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Study Points to a Cause-Effect Relationship Between Breastfeeding and Brainpower - featured September 2, 2011

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[Source: Reuters Health]

[Image: breastfeeding.JPG]

In a new study from the UK, kids who were breastfed as babies had higher scores on tests of vocabulary and reasoning at age five than those who weren't breastfed.

Breastfeeding seemed to make the biggest difference for babies who were born early and therefore had more catching up to do in their brain development.

Though the practice has been tied to a range of health benefits early in life, such as lower infection risks, researchers aren't quite sure what about breastfeeding might boost brainpower. But they have a few theories.

"There are essential fatty acids in breast milk which are good for cell development and brain development in particular," said Amanda Sacker, one of the authors of the new study from the Institute for Social and Economic Research at the University of Essex.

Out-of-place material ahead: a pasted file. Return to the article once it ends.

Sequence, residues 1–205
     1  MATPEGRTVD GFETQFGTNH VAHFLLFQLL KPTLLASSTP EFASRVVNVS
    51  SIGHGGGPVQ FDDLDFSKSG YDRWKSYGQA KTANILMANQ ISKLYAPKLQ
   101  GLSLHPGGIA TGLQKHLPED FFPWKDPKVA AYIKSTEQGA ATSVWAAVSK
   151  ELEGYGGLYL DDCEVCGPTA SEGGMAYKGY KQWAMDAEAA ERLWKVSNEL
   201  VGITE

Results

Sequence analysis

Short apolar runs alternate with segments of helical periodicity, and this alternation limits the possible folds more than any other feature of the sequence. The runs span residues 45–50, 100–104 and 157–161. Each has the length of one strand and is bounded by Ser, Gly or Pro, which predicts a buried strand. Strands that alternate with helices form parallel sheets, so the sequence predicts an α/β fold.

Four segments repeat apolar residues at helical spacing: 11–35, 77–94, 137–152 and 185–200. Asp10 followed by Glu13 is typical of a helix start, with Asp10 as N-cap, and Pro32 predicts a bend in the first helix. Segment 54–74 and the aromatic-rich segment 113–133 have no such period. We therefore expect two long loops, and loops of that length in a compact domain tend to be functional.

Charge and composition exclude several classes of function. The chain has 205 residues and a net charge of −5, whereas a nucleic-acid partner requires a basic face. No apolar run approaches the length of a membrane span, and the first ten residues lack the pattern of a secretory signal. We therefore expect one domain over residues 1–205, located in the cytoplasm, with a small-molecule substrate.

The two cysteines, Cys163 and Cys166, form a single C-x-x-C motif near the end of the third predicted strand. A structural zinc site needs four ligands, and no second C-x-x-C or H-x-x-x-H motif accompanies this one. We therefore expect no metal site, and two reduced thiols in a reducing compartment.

Or, "there could be differences in hormones and growth factors which are lacking in formula," she added.

"The third (possibility) is a purely social explanation. Perhaps children who are breastfed get cuddled more, and this confers some sort of advantage to them as well."

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Tags: News of the Week Newsletter 2 September 2011